Most forms of long term synaptic plasticity, like LTP and LTD, require postsynaptic calcium signaling. As changes in synaptic strength arise from changes in local glutamate receptor trafficking within the spine head, it is likely that local calcium signaling in the spine plays important role in the modification of the synapse’s efficacy. A very clear example of the role for local Ca signaling in synaptic plasticity occurs at the glutamatergic synapses between the parallel fibers and Purkinje cells of the cerebellum. At these synapses, LTD is induced when both parallel fiber synapses and climbing fiber synapses on the Purkinje cell are simultaneously activated. This form of LTD requires the activation of mGluRs on spines of the parallel fiber-Purkinje cell synapse. Activation of this synapse leads to IP3 production and release of intracellular calcium, which is necessary and sufficient to trigger LTD. Both the dendrites and spines of Purkinje cells are filled with smooth ER that is studded with IP3 receptors. In mutant mice and rats lacking myosinVa, smooth ER is lost from the spines of Purkinje cells and LTD is abolished (Miyata et al. 2000). Local release from IP3-sensitive calcium stores in spines is required for induction of cerebellar LTD.

In hippocampal CA1 pyramidal neurons, both LTP and LTD can be induced by repetitive synaptic activity. The calcium source for both forms of plasticity is mainly influx through NMDA receptors on postsynaptic spines (Sabatini et al, 2001.) LTP is induced by conditions that lead to strong activation of NMDA receptors, such as a brief bout of high-freq synaptic activity, while LTD is induced when NMDA receptors are weakly activated during prolonged low-freq activity, LTP is caused by brief but large increases in postsynaptic calcium ccn, while LTD arises from prolonged but smaller calcium signals.

Further Reading:

Augustine GJ, Santamaria F, Tanaka K. “Local calcium signaling in neurons.” Neuron. 2003 Oct 9;40(2):331-46. Review.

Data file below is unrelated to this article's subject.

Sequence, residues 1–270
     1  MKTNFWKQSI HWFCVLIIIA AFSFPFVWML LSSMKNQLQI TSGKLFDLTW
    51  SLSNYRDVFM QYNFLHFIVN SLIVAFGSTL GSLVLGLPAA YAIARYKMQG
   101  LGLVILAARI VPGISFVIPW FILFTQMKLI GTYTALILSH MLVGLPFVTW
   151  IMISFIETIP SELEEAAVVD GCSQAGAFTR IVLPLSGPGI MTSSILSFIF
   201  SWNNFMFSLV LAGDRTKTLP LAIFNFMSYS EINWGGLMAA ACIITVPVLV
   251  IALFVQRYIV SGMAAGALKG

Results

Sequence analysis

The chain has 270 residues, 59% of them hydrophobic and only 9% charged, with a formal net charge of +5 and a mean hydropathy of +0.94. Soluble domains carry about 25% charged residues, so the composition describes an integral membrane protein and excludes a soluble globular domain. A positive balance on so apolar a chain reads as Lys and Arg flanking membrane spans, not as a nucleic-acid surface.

Augustine GJ. “How does calcium trigger neurotransmitter release?” Curr Opin Neurobiol. 2001 Jun;11(3):320-6. Review.

Miyata M, Finch EA, Khiroug L, Hashimoto K, Hayasaka S, Oda SI, Inouye M, Takagishi Y, Augustine GJ, Kano M. “Local calcium release in dendritic spines required for long-term synaptic depression.” Neuron. 2000 Oct;28(1):233-44.

Scientific American article about “Doogie Mice” (enchanced LTP = smarter mice!)

Morris RG, Anderson E, Lynch GS, Baudry M (1986). “Selective impairment of learning and blockade of long-term potentiation by an N-methyl-D-aspartate receptor antagonist, AP5″. Nature 319 (6056): 774-6. PMID 2869411.

Sweatt JD (1999). “Toward a molecular explanation for long-term potentiation”. Learn Mem 6 (5): 399-416. PMID 10541462

Segal M, Murphy DD (1998). “CREB activation mediates plasticity in cultured hippocampal neurons.”. Neural Plast 6 (3): 1-7. PMID 9920677.

Kasahara J, Fukunaga K, Miyamoto E (2001). “Activation of calcium/calmodulin-dependent protein kinase IV in long term potentiation in the rat hippocampal CA1 region.”. J Biol Chem 276 (26): 24044-50. PMID 11306573

Comments

  1. #1 Zoe
    July 23, 2006

    Good post!

  2. #2 Robert P
    July 24, 2006

    I had a lot of friends in this lab, they do good work.